Skip to main content

Book: What is Biblical Theology?

One of the pitfalls of book reviewing is addressing books written by people that are obviously incredibly smarter than you are as a reviewer. While this may have never happened to you, it hits me from time to time, and today’s book is certainly one of those. What is Biblical Theology? by James M. Hamilton Jr., (Ph.D., professor at Southern Baptist Theological Seminary), is from one of the sharper minds currently active in evangelical theology.

What is Biblical Theology? addresses the title question. Now, that may seem obvious to you, but it’s not uncommon to see a book pose a question and then chase a rabbit. The other action is to pose a question, then grind an axe in your answer rather than truly express the material.

Hamilton has avoided those two pitfalls here. He begins with a basic explanation of the term “biblical theology” and then works forward by expanding how he sees the grand narrative of the Bible.

This is the strongest aspect of Hamilton’s work. When I was in seminary, the courses I took on “Biblical Theology” were a little loose on defining the concept, and carved it out more as a sub-discipline of “Systematic Theology.” Here, we see a clear definition and exposition of theology working through Scripture.

In making the concepts clear, Hamilton has held back on the deeper ranges of theological understanding. His desire that readers finish this book, rather than glaze over and give up, motivates the brevity. Could more examples be given? Certainly, and I have that book in hardcover on my shelf, written by the same author: God’s Glory in Salvation through Judgment. It is five times as long, and not likely to be read through in a week.

This is the strength of What is Biblical Theology? One can read through it readily for an introduction to the concepts of theology. The smaller size brings the cost down, and makes this a potential deep-reading choice for the study group or advancing solo learner.

I am uncertain whether this is an up or a down for the work, but oddly enough there are neither footnotes nor endnotes. For the most part, Hamilton uses simple parenthetical citations, with a concise further reading section finishing off the book.

Heartily recommend this for a clear look at the overall theology of the Bible. Rather than starting with a point and then proving it, Hamilton works clearly across what the text of Scripture says and demonstrates what it, therefore, means.

I was sent an e-copy of the e-book in e-xchange for the e-review.

Comments

Popular posts from this blog

Book Review: The Heart Mender by @andyandrews (Andy Andrews)

The Heart Mender: A Story of Second ChancesEver read a book that you just kind of wish is true?  That's my take on The Heart Mender by Andy Andrews.  It's a charming story of love and forgiveness, and it's woven into the historical setting of World War II America.  For the narrative alone, the book is worth the read, but the message it contains is well worth absorbing as well.However, let's drop back a minute.  This book was originally published under the title Island of Saints.  I read Island of Saints and enjoyed it greatly.  Now, Andrews has released it under a new title, with a few minor changes.  All of this is explained in the Author's Note at the beginning, but should be noted for purchaser's sake.  If you read Island of Saints, you're rereading when you read The Heart Mender.  Now, go ahead and reread it.  It will not hurt you one bit.Overall, the story is well-paced.  There are points where I'd like more detail, both in the history and the geog…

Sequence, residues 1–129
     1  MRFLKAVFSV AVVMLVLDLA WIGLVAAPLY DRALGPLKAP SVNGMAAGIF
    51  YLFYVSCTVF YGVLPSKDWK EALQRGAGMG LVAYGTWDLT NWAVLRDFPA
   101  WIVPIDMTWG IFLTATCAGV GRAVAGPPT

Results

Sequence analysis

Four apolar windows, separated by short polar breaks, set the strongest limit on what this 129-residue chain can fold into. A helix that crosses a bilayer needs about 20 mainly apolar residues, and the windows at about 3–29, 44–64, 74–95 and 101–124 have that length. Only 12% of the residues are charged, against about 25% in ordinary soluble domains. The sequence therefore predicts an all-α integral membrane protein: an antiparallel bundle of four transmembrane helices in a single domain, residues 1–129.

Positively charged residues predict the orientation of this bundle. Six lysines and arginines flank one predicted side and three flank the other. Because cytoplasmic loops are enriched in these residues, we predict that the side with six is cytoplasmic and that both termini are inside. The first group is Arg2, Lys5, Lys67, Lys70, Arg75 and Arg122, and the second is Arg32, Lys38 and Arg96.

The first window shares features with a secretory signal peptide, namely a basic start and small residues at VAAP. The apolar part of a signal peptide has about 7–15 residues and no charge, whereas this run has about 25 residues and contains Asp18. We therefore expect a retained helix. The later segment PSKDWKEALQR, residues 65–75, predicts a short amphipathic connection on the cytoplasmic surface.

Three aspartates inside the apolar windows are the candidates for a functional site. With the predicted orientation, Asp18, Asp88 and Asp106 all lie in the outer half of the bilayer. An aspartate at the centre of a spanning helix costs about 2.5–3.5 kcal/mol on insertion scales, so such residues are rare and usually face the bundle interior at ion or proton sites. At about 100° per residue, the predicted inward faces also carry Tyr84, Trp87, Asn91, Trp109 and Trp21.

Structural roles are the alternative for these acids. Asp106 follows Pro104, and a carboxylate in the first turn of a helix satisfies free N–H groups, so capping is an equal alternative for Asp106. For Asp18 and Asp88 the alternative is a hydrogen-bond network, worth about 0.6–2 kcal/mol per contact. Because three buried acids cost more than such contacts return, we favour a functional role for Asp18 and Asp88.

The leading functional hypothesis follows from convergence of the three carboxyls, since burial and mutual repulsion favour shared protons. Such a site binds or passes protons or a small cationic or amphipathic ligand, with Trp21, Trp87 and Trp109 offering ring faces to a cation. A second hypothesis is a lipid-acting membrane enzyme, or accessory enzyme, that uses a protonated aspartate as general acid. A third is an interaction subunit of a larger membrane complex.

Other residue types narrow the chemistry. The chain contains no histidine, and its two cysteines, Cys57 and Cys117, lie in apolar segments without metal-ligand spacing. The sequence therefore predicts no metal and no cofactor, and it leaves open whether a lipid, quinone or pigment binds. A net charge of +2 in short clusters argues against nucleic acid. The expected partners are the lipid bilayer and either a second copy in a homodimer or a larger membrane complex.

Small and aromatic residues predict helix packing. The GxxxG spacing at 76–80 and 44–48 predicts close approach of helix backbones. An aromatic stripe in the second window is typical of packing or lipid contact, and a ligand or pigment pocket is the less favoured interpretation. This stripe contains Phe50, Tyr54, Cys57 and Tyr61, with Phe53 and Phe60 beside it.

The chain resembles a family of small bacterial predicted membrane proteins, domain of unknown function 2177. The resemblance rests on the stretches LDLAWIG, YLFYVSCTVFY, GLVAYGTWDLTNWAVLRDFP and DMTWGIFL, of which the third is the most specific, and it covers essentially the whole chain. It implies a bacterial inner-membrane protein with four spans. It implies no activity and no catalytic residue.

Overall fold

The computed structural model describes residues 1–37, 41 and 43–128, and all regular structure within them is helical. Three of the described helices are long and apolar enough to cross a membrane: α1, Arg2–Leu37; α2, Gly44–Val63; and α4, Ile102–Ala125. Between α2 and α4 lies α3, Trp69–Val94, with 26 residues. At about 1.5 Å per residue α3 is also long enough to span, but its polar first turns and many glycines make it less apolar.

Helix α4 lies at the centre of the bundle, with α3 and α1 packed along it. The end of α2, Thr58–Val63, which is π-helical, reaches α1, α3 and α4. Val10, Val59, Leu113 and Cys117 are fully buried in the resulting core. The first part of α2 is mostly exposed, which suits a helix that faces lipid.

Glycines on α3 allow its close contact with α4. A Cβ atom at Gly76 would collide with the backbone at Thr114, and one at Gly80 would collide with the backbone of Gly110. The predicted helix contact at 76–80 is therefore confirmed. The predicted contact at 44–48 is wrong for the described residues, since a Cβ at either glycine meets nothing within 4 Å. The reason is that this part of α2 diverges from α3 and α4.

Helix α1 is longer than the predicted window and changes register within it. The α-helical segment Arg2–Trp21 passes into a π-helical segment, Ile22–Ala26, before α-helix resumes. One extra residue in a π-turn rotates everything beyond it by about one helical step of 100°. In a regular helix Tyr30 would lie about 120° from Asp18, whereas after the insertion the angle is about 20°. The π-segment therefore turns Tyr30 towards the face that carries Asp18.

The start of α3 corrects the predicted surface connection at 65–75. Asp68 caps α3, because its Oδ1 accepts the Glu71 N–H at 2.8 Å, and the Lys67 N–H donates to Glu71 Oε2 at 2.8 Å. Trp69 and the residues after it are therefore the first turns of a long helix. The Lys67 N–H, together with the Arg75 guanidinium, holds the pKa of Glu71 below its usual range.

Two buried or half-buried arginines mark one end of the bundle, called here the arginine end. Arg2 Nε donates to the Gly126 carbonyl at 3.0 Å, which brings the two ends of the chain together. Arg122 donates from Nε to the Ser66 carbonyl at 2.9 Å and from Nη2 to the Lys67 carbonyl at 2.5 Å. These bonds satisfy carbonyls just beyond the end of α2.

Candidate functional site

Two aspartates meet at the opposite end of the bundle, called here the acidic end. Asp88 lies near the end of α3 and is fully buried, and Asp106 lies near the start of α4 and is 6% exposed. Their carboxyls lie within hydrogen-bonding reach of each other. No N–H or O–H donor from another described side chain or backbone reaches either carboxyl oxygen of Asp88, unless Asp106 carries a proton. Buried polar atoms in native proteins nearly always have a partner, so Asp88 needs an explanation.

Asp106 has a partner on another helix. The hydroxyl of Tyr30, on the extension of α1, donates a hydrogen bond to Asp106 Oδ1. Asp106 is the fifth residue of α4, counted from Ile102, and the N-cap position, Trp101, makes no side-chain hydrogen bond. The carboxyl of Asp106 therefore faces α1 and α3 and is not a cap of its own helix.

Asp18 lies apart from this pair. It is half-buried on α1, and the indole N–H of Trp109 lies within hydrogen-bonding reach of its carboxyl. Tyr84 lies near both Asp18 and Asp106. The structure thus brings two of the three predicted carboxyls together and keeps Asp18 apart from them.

Curiosity and the Faithlife Study Bible

Good morning! Today I want to take a look at the NIV Faithlife Study Bible. Rather than spend the whole post on this particular Study Bible, I’m going to hit a couple of highlights and then draw you through a few questions that I think this format helps with.



First, the basics of the NIV Faithlife Study Bible (NIVFSB, please): the translation is the 2011 New International Version from Biblica. I’m not the biggest fan of that translation, but that’s for another day. It is a translation rather than a paraphrase, which is important for studying the Bible. Next, the NIVFSB is printed in color. Why does that matter? This version developed with Logos Bible Software’s technology and much of the “study” matter is transitioning from screen to typeface. The graphics, maps, timelines, and more work best with color. Finally, you’ve got the typical “below-the-line” running notes on the text. Most of these are explanations of context or highlights of parallels, drawing out the facts that we miss by …

Abraham Lincoln Quoted by Jesus! Mark 3

Mark records a curious event in his third chapter (link). If you look at Mark 3:25, you'll see that Jesus quotes the sixteenth President of the United States, Abraham Lincoln. After all, one of the highlights of the Lincoln years is his famous speech regarding slavery in the United States where he used the phrase that "a house divided against itself cannot stand." This speech was given in 1858 when he accepted the nomination to run against Stephen A. Douglas for Senate, but is still remembered as the defining speech regarding slaveholding in the United States. I recall being taught in school how brilliant and groundbreaking the speech was, how Lincoln had used such wise words to convey his thought. Yet the idea was not original to Lincoln. Rather, it was embedded in Lincoln from his time reading the Bible. Now, I have read varying reports about Lincoln's personal religious beliefs: some place him as a nearly completely committed Christian while others have him somewh…